Wednesday, July 28, 2004
United States, at least if the IOC knows where its bread is buttered. The
ad runs an Olympic swimming event backward, and a vaguely familiar voice
tells us that for him, the "Olympic moment," is not at the point of victory,
and not when one competitor pulls ahead of another, and not even when the
event begins, at which point the reversing tape shows the swimmers in
mid-dive at the beginning of the race.
For the speaker, the Olympic moment is before the race begins (the swimmers
are now bent into their stance before the gun), when "no nation is greater
or smaller, stronger or weaker than any other. For me, that is the Olympic
Then the camera cuts to the speaker, who I only then understood to be Kofi
This ad is interesting to me at many levels. First, the IOC obviously
thinks it is in the interests of the Olympics to identify itself with the
United Nations in an almost romantic sense. This strongly suggests that the
average perception of the United Nations among the educated BBC-watching
citizenry of the world must be startlingly different than mine, or that of
most observant Americans.
I think of the United Nations as a necessary evil, reflecting in its
bureaucracy the corruption of the developing world and in its politics the
aspirations of America's enemies, so I wouldn't want to identify my used car
dealership with the UN. It tells us something about the world that the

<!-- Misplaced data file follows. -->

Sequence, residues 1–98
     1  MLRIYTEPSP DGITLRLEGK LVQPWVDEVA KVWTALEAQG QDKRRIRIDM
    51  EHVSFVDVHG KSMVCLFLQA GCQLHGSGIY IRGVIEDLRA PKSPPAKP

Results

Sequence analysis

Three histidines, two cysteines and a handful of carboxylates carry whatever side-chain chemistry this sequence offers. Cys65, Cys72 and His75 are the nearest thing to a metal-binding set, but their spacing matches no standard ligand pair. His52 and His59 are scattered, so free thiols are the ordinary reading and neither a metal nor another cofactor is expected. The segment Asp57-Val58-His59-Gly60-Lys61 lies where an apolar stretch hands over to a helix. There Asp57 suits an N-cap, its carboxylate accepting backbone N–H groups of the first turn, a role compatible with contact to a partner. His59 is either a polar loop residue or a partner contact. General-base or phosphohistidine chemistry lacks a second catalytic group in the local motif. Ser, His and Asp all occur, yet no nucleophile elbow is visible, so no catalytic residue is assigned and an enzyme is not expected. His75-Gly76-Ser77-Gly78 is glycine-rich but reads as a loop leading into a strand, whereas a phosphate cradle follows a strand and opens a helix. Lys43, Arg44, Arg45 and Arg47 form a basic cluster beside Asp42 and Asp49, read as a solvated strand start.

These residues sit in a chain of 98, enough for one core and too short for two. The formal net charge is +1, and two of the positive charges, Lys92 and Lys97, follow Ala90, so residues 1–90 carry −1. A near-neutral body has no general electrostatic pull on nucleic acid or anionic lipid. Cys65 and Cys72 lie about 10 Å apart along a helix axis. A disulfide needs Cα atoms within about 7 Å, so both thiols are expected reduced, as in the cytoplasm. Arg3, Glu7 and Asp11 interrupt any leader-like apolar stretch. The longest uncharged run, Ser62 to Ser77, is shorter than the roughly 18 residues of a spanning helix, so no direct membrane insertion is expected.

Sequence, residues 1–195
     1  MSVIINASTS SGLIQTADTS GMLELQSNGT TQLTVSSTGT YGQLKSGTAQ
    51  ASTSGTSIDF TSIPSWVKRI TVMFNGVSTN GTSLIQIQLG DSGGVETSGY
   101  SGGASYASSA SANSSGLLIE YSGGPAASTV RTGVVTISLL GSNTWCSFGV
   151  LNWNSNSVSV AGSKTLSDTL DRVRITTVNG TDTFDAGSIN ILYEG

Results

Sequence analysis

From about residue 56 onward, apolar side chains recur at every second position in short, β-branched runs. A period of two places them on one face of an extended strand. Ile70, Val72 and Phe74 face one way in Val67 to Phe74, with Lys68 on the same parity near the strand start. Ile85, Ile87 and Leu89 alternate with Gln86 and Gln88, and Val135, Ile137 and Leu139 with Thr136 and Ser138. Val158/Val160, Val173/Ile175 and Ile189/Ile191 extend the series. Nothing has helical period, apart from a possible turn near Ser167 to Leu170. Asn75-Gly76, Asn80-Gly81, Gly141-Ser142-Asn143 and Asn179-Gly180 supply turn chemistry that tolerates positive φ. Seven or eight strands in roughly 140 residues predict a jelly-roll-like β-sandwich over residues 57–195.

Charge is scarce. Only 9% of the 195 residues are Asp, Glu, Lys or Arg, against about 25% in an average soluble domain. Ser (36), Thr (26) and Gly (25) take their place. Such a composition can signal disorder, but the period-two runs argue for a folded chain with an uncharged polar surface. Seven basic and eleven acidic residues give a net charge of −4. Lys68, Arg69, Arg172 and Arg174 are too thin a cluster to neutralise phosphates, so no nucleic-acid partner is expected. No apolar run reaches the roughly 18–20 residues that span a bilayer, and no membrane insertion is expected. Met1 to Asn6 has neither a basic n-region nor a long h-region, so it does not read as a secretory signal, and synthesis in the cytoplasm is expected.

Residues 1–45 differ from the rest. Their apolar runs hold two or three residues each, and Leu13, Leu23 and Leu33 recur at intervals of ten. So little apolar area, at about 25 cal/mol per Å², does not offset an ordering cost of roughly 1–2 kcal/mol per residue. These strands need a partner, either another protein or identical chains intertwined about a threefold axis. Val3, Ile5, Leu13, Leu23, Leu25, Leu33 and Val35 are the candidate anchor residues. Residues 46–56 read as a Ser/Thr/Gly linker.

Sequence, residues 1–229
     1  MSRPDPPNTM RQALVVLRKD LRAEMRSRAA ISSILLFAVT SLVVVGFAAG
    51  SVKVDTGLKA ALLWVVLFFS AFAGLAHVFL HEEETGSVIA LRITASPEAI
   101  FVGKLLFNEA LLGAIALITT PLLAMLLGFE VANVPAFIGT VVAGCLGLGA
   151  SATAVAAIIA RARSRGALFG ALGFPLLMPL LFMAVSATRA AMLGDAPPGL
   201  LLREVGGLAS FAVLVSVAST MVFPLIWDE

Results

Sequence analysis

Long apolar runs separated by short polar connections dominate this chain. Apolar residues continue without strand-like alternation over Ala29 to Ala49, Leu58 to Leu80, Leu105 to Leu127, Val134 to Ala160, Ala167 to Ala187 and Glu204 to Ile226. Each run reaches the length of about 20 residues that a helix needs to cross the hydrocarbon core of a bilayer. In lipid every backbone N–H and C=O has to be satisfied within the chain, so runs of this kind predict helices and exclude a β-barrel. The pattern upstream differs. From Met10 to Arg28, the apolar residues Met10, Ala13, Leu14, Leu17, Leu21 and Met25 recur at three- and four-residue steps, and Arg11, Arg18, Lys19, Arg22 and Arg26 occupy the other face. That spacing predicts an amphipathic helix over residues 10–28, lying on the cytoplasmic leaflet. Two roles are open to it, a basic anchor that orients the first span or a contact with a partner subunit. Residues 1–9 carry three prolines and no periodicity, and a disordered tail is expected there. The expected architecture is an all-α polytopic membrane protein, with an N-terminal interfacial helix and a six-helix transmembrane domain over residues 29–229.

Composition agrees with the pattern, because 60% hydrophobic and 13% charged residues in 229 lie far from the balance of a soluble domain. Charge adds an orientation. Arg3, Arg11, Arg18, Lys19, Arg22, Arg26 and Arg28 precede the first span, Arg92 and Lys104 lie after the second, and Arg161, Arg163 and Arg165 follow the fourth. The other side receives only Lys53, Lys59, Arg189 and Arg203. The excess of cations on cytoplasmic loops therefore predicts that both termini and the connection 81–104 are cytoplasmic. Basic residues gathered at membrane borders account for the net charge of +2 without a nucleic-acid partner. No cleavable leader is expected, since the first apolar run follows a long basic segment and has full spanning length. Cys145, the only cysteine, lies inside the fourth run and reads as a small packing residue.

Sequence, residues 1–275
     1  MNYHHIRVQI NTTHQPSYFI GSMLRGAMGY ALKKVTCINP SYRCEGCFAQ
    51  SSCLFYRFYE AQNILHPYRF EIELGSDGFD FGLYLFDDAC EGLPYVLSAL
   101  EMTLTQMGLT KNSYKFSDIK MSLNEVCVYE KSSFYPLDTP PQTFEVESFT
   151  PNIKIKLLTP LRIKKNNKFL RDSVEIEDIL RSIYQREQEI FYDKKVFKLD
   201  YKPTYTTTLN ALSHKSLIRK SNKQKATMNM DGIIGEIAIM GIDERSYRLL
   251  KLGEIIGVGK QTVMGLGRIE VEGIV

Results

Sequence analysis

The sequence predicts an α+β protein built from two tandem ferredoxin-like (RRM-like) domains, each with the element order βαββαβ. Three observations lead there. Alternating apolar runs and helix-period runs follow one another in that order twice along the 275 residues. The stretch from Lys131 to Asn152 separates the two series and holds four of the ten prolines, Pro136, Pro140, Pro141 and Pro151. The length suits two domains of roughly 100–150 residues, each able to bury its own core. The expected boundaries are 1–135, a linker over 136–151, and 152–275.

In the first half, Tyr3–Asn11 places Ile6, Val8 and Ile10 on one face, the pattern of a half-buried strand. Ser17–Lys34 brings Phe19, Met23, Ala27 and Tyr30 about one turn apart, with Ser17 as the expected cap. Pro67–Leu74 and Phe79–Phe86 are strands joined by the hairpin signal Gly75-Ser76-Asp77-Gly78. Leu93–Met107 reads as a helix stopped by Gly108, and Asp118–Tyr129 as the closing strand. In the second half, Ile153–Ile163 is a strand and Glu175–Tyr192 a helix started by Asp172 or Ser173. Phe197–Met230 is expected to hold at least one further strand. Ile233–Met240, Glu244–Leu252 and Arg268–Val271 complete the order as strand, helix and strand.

Olympic authorities apparently feel quite differently. Their focus groups
must be telling them something.
Second, while the ad is on its face benign, it is easy to perceive it as
anti-American. The vehicle for Secretary-General Annan's message of global
equality is women's swimming, an event that America has dominated since the
end of the Cold War. More to the point, the idea that the world would
somehow be a better place if no nation were bigger or stronger than any
other is both idiotic as a dream - wouldn't such parity mean almost
perpetual war? - and a slap at the one nation that is in fact manifestly
stronger than the others (at least this year).
Third, I did not recognize Kofi Annan's voice, and I consider myself quite
internationalist by American standards. The ad was clearly constructed for
an audience that would recognize Annan's voice, which suggests that BBC
World's viewers see a lot more of him on TV than I do.
Finally, I obviously think of the Olympics differently from the typical BBC
viewer. For me, the Olympics are all about national rivalry, not
one-worldism. I really have no interest in the sports themselves, with a
couple of exceptions, and pay no attention to most Olympic sports other than
once every four years during the Olympics. I'm all about the medal count,
and especially love events that are fraught with symbolism. When I think of
the Olympics, I revere the "miracle on ice," the Hungarian and Soviet water
polo teams turning the pool pink with their blood in 1956, and Jesse Owens
humiliating Hitler in Berlin in 1936.
My take is that this particular ad is aimed at women, American or otherwise. As you point out, it has a romantic aspect -- the romantic (if potentially idiotic) dream of egalitarian interactions among nations or people, no bullies allowed. It is about a women's sport where (absent the historical East Germans) the athletes look relatively like regular people, rather than being freakishly big and strong. You can even argue that they are all racing the clock more than each other. And someone in Olympic marketing decided long ago that women want the "backstory", not the score (I do think it is fair to say that most female viewers of the Olympics are not "all about the medal count"). It never would have occurred to me that the ad you describe was anti-American...just sounds like pretty good advertising to me -- MCU
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